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I previously had a pegeout 206. The head gasket went and I got it repaired aswell as servicing the car.

A week later the engine catches fire without any symptoms.

What might have caused this to occur? obviously as it was burnt i didnt take it to garage however are the mechanics who replaced the gasket and serviced the car to blame since maybe they didnt find the original cause of the gasket damage and this later lead to the fire? that of course is uneducated speculation on my part.

Also can a blown head gasket cause a car to catch fire? I'm guessing a blown gasket can leak oil and it will heat, cause burns and lead to a fire. Is this correct and if so would it mean a blown gasket can lead a car to catch fire or stop working.

If so is it reasonable to think my pegeout, after it was repaired, the head gasket blew again but this time leaked and caused a fire instead of stopping working altogether?

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    All supposition - the fuel pipe, being old, may have split and dripped fuel on the exhaust - perfectly plausible but unless you have it checked by an expert then you won't know and even then they don't always find the exact cause. – Solar Mike Sep 30 '17 at 7:09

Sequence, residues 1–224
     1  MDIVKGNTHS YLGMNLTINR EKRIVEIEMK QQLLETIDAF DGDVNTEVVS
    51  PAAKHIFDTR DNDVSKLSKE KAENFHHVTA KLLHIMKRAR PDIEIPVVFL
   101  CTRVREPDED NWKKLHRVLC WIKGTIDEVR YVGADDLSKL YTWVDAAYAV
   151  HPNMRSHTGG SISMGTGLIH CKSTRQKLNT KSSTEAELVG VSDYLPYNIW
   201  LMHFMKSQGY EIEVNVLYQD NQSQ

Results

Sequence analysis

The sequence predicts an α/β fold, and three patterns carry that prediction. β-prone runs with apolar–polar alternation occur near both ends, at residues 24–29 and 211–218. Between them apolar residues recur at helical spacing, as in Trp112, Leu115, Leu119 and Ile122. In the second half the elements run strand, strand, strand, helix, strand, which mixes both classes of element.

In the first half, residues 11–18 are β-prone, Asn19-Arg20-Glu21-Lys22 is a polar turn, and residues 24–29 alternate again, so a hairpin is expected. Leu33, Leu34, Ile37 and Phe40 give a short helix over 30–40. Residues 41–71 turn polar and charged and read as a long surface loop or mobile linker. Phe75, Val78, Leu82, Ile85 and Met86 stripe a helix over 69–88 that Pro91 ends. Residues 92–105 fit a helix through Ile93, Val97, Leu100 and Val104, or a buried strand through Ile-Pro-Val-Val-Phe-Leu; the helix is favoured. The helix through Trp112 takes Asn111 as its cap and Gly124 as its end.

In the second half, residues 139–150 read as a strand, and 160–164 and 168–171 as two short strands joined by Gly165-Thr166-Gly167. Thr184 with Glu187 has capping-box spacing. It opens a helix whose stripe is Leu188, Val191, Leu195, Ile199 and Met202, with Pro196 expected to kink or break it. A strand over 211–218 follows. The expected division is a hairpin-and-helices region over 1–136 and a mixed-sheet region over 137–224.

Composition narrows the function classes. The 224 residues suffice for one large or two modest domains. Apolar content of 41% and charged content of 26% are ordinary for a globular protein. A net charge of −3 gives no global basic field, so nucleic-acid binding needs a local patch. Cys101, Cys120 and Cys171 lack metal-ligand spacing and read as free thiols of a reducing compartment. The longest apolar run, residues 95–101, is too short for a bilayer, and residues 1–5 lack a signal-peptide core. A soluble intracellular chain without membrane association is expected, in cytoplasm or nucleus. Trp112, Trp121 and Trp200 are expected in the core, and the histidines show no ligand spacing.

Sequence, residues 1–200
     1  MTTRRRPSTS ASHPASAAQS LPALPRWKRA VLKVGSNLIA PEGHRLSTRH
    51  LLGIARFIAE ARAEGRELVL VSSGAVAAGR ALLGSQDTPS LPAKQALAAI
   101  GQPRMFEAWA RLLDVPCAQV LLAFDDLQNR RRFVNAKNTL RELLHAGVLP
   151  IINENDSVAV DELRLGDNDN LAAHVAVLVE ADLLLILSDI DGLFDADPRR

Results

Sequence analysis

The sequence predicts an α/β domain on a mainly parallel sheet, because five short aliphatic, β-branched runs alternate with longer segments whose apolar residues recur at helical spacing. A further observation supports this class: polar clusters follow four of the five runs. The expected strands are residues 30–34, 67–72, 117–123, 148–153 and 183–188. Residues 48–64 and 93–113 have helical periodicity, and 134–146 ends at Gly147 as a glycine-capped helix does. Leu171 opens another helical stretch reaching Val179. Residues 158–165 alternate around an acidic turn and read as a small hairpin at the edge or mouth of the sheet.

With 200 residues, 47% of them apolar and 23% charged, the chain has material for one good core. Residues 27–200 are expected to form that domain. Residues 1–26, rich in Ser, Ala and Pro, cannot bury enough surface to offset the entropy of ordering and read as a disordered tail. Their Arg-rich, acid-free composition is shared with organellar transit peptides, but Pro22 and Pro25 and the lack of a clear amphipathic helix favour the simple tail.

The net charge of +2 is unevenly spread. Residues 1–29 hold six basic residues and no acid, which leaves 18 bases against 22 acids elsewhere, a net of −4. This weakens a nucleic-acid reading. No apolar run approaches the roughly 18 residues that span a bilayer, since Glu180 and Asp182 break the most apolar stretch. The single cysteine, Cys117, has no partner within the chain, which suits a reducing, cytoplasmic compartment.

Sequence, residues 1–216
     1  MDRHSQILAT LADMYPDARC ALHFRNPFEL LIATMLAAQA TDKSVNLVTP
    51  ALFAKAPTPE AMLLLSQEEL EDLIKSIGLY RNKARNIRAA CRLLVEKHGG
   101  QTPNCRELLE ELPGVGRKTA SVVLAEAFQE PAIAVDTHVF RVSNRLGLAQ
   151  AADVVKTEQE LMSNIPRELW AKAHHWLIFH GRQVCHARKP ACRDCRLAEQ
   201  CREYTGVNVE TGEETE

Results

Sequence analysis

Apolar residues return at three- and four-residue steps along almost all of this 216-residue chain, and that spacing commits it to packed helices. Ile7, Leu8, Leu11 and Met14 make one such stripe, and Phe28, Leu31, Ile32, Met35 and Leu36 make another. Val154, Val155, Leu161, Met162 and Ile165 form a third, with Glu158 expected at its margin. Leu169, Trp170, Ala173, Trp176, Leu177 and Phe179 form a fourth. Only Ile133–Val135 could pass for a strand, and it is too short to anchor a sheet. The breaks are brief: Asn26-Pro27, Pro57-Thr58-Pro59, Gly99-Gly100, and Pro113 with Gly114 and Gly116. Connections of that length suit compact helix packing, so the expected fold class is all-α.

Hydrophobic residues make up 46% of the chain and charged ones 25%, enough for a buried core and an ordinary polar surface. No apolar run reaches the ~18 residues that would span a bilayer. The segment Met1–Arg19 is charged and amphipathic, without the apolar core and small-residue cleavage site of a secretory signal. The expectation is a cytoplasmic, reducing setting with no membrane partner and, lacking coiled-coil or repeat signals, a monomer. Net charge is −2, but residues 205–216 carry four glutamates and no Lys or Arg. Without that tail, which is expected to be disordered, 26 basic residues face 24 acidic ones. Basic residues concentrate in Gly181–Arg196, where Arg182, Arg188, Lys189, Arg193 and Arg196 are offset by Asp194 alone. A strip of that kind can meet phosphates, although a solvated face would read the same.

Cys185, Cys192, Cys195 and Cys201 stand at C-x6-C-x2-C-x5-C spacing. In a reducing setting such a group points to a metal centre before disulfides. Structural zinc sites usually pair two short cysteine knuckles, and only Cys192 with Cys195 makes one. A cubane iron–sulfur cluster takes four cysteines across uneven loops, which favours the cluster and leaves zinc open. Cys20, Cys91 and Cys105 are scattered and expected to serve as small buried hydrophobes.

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If they had not cleaned off all the oil after the repair then definitely could burst into flames. And also what the other guy said, old lines or anything really. Probably wouldnt have broken the head gasket again unless driven extreme tho

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A common mistake by unprofessional mechanics is to overtighten the replaced gasket, by not using a torque wrench to torque bolts to exact specifications. If all bolts are not tightened to spec, the gasket will be unevenly seated thus unable to seal.

Often an overtightened gasket is more prone to leakage than an under-tightened one. Yes, depending on the extent of the leakage, the volatile fluids could contribute to an engine fire.

Sloppy work could turn deadly.

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